With the lowest level of inventory in nearly 40 years, the 2021 spring market has homebuyers facing a level of competition not seen in a generation.
Inventory of existing and new single-family homes for sale is at its lowest since 1982, according to recent data from the National Association of Realtors. Homes for sale hit a historic low at the end of February, at 1.07 million, the equivalent of just 1.8 months of average monthly sales of 582,917, a near-historic low. In 70% of metro areas, demand is outstripping supply.
Calling the lack of inventory “dire,” with 375 out of 381 metro areas posting double digit-declines, NAR’s report found active listings rose in only 1% of metro areas year over year. Active listings dropped 42.8% in Chicago.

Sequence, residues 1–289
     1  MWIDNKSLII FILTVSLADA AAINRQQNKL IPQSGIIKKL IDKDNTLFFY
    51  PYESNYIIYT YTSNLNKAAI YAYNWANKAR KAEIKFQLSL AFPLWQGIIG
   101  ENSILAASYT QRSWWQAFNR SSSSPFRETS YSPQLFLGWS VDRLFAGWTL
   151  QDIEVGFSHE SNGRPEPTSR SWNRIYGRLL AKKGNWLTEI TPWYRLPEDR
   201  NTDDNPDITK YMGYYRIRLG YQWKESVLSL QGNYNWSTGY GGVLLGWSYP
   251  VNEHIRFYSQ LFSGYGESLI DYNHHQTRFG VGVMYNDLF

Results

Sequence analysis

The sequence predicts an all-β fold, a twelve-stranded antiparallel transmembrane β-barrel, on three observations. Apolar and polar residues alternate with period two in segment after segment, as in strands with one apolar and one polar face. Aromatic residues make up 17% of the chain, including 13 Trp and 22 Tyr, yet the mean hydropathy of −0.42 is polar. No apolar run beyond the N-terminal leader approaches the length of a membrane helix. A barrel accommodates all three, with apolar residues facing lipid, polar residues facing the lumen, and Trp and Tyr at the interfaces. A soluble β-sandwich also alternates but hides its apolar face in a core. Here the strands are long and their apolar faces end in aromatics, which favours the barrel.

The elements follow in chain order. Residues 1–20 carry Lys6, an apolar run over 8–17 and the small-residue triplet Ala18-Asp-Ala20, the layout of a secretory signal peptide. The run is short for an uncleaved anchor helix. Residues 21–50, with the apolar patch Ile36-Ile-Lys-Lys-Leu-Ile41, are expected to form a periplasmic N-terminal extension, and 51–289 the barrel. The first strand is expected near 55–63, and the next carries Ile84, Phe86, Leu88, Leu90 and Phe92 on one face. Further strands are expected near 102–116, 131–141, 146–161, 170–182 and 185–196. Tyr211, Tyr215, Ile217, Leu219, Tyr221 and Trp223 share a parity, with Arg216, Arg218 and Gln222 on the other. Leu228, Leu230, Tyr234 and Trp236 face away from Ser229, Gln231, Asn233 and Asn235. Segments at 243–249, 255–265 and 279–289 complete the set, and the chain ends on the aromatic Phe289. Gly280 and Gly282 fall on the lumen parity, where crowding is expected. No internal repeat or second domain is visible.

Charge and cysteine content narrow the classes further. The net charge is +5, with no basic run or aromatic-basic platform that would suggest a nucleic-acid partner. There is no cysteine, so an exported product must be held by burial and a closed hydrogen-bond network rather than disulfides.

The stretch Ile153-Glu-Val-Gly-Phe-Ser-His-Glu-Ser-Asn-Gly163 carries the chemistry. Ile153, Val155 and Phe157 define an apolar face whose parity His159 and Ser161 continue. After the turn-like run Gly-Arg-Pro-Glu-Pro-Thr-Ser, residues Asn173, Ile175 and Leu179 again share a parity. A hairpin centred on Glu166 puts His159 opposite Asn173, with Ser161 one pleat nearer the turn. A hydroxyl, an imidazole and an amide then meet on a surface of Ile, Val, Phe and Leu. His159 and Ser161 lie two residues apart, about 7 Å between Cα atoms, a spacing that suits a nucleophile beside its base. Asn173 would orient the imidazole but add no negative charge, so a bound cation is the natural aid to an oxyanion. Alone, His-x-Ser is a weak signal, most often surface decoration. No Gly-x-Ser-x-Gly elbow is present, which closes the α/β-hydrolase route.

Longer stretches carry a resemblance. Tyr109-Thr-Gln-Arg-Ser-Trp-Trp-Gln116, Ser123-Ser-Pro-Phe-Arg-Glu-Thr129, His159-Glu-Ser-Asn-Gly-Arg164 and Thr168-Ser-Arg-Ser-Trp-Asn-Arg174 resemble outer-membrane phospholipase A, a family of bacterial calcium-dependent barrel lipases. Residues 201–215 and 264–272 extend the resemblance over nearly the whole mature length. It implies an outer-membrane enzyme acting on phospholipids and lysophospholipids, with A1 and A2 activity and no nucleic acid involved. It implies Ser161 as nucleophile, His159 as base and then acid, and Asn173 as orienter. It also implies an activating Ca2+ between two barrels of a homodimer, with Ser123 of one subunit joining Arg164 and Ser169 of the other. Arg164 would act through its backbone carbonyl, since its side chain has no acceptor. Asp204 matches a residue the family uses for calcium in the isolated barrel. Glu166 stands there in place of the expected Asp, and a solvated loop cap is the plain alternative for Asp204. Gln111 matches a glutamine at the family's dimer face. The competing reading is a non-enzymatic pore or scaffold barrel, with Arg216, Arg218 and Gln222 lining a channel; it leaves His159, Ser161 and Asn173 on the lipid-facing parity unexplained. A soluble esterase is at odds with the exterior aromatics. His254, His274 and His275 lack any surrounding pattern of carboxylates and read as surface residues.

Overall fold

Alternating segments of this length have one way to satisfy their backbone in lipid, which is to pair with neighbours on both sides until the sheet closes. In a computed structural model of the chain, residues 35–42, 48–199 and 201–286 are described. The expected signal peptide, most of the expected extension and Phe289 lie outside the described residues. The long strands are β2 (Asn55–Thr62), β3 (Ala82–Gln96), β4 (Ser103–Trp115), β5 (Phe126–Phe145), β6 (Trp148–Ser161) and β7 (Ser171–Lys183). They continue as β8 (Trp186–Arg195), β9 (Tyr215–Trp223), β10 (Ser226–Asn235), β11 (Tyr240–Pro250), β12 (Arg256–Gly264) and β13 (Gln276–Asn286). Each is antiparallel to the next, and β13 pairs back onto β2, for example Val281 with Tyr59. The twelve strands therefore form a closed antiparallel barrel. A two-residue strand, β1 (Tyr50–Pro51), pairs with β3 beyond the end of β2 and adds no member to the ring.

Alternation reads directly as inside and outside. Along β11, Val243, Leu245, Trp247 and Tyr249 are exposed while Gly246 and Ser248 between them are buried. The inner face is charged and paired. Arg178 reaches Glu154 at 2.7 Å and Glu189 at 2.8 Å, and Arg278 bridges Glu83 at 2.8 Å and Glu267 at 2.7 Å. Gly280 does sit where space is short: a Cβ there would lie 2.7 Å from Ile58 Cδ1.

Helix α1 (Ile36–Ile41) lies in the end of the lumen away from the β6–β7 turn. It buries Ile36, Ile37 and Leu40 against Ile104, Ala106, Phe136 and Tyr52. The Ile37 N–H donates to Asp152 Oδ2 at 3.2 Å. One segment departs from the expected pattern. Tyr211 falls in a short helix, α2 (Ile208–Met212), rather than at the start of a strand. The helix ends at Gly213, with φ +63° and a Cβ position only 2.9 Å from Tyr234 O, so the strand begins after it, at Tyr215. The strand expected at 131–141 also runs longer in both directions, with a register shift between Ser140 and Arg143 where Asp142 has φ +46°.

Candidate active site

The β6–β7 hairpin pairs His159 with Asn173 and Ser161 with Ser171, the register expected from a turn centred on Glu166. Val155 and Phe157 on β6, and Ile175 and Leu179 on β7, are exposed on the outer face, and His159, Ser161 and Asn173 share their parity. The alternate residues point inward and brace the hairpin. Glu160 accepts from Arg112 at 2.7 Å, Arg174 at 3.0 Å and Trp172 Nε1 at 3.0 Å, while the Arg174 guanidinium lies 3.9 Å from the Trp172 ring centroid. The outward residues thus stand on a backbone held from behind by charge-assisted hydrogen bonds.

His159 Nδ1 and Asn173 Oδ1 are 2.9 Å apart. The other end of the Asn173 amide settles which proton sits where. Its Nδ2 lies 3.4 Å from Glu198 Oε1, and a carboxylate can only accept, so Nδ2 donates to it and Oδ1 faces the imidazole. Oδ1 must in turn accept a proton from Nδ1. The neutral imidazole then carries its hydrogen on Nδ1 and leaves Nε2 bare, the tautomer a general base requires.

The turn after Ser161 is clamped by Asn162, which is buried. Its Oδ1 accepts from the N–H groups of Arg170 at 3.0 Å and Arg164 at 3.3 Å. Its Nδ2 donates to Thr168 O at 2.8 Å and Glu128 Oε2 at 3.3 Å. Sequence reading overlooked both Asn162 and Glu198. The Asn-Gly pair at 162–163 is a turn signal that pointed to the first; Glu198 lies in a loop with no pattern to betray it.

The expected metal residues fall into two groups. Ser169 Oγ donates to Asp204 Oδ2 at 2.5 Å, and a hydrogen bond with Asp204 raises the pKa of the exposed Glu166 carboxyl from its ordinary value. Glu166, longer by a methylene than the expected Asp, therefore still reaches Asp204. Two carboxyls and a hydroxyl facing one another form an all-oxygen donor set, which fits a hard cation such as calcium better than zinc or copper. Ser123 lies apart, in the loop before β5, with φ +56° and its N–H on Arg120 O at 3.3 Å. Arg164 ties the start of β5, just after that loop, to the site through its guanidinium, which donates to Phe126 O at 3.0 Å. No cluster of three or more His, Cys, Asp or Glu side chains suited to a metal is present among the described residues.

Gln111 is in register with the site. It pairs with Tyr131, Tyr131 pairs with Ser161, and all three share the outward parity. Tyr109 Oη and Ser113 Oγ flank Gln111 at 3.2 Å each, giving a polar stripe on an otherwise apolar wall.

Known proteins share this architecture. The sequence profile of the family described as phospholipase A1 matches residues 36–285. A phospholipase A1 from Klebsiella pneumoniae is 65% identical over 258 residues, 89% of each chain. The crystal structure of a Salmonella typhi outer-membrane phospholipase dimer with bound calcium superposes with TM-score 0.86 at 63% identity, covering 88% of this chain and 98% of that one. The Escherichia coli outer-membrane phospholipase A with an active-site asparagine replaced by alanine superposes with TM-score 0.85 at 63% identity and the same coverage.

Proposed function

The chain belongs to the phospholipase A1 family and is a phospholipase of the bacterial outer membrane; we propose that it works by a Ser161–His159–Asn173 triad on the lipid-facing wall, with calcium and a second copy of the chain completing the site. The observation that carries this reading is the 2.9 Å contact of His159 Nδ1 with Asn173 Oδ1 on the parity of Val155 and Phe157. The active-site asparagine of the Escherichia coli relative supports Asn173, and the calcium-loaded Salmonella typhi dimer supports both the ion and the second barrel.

That low inventory is continuing to drive up prices nationwide.
In March, listing prices rose at double-digit rates in 64% of metro areas, including Chicago, where the median list price rose 11.1%.
The report found the expectation of rising mortgage rates, which are at historic lows, will continue to drive today’s demand. NAR chief economist Lawrence Yun said he expects them to hover under 3.5% for the rest of the year.